Letter to Ziba B. Oakes, February 1, 1855

Jesse King, an enslaver in Milledgeville, Aiken County, South Carolina, wrote this letter to Ziba B. Oakes, a slaver in Charleston, South Carolina, in 1855.
Jesse King
Grade Level

This text is part of the Teaching Hard History Text Library and aligns with Key Concepts 4 and 8.


Milledgeville, 1st Feb 1855 

Z. B. Oakes, Esq. 

Dear Sir, 

What are the following described Negroes selling at in Charleston at this time, Good young men from 18 to 25. “Girls 14 years old", “16”, “boys weighing 80 pound are there many in market. I want Negroes that will do for the field but would not object to city [illegible] if strong and healthy. Is the market declining or advancing. Please have the kindness to let me hear from you by return mail. 

Your Truly, 

Jesse King 

Times are tight here. Money is worth 20 per cent per annum and scarce at that. 

This text is in the public domain. Retrieved from https://www.digitalcommonwealth.org/search/commonwealth:5q47sj09r.
Text Dependent Questions
  1. Question
    What does King’s use of the term “market” in this letter demonstrate about his view of the system of enslavement?
    His use of the word “market” demonstrates the fact that he and other enslavers viewed the system of enslavement and the slave trade as an economic market, driven by capitalism, commercialism, marketing, etc. The over-arching characteristic that made this market different is that it was based on a commodity that was human beings.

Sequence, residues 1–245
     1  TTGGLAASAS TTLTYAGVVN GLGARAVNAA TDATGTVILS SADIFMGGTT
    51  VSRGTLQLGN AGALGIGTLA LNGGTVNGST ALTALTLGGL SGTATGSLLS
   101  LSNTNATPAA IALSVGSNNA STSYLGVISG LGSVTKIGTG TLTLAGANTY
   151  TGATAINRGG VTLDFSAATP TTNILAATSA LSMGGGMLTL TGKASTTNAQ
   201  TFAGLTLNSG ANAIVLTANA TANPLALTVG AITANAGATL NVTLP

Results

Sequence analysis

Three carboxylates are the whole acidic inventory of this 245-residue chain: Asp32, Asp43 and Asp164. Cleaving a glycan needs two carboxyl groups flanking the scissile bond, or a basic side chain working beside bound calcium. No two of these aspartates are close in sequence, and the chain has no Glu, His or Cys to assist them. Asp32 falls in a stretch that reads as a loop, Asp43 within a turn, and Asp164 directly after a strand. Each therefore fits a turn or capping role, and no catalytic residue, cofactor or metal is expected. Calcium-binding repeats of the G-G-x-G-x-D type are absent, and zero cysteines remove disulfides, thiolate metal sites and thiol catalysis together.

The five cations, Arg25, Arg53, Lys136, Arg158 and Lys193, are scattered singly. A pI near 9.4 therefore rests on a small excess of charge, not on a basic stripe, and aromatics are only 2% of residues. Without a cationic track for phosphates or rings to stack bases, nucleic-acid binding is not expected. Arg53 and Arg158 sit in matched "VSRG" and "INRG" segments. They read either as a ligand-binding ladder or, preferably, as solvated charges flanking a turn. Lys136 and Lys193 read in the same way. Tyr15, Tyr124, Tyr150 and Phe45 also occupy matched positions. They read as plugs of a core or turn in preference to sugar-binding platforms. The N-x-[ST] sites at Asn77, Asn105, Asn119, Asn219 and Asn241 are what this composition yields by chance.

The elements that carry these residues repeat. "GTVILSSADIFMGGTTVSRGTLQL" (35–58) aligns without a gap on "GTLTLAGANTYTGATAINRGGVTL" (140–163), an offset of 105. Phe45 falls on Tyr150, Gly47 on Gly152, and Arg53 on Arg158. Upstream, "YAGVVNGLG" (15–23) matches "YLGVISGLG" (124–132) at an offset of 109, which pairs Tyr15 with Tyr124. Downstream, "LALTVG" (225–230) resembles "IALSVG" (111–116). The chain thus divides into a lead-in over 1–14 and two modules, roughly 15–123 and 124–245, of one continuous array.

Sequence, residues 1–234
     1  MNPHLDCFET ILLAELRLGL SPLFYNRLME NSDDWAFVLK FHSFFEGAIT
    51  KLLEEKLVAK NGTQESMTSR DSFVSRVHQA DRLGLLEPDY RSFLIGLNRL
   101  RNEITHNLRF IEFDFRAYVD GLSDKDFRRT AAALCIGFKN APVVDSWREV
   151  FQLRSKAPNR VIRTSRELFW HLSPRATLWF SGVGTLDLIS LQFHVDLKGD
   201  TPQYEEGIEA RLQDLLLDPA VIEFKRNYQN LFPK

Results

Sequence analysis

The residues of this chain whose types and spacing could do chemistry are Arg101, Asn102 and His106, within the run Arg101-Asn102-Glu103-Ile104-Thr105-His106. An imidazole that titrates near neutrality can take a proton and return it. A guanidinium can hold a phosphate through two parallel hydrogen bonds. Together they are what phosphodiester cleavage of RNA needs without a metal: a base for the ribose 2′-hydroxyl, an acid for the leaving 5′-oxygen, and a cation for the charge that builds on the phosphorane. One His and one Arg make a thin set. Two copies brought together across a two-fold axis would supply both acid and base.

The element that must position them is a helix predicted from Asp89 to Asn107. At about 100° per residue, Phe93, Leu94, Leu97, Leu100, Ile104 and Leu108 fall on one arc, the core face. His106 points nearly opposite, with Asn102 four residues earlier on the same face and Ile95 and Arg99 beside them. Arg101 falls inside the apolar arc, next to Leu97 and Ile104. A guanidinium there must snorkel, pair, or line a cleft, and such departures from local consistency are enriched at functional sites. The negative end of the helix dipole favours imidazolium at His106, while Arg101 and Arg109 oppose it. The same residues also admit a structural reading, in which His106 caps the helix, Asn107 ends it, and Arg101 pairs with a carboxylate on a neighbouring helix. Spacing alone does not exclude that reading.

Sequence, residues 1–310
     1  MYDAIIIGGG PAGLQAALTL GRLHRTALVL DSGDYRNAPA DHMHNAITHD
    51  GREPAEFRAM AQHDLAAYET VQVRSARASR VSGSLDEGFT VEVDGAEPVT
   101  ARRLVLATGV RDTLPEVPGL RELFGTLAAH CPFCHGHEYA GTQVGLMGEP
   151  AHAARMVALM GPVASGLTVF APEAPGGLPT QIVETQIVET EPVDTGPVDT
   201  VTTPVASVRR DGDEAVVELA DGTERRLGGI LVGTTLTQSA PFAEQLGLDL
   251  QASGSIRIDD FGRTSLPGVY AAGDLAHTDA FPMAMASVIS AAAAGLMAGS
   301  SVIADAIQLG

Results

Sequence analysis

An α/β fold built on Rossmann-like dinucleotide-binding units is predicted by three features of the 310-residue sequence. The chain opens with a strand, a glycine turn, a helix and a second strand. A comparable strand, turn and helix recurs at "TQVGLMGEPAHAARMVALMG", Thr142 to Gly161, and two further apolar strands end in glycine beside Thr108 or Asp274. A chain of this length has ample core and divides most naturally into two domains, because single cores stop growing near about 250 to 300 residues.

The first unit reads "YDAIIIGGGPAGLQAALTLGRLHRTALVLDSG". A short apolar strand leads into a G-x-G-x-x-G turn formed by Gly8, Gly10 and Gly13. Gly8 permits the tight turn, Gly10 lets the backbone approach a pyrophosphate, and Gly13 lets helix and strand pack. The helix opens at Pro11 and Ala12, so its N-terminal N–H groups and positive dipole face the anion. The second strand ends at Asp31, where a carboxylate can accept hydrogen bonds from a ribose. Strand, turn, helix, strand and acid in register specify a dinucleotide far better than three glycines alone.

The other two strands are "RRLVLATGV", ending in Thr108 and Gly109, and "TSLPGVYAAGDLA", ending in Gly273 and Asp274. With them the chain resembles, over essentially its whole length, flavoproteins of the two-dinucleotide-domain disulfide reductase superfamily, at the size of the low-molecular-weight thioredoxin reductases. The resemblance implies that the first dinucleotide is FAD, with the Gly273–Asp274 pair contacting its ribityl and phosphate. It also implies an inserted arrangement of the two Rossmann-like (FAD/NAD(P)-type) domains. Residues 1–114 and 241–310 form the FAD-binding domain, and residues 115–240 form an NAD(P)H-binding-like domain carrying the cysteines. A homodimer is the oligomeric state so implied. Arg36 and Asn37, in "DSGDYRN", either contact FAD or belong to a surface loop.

2. Question
    What does King’s final comment after he signed the letter show us about his purpose in writing to Oakes?
    King’s comment that “times are tight” and that “money is… scarce” implies that he is feeling financial burden and thus needs to be more careful with his purchasing of enslaved persons.
  3. Question
    Milledgeville was a town in Aiken County, South Carolina, about 150 miles inland from Charleston. What does this letter demonstrate about the role of a town like Charleston in the system of enslavement that existed in the United States?
    This letter between these two enslavers—one inland inquiring about the availability of enslaved persons in the seaport—demonstrates the importance of a coastal city like Charleston as a market that gathered enslaved persons and distributed them inland to plantations. One could also extend this analysis and point to the fact that such markets were an essential component in the wealth of many coastal cities in the South.
Reveal Answers


I believe that the illegible word in this letter reads "raised." That would make the line read "I want Negroes that would do for the field but would not object to city raised if strong and healthy."
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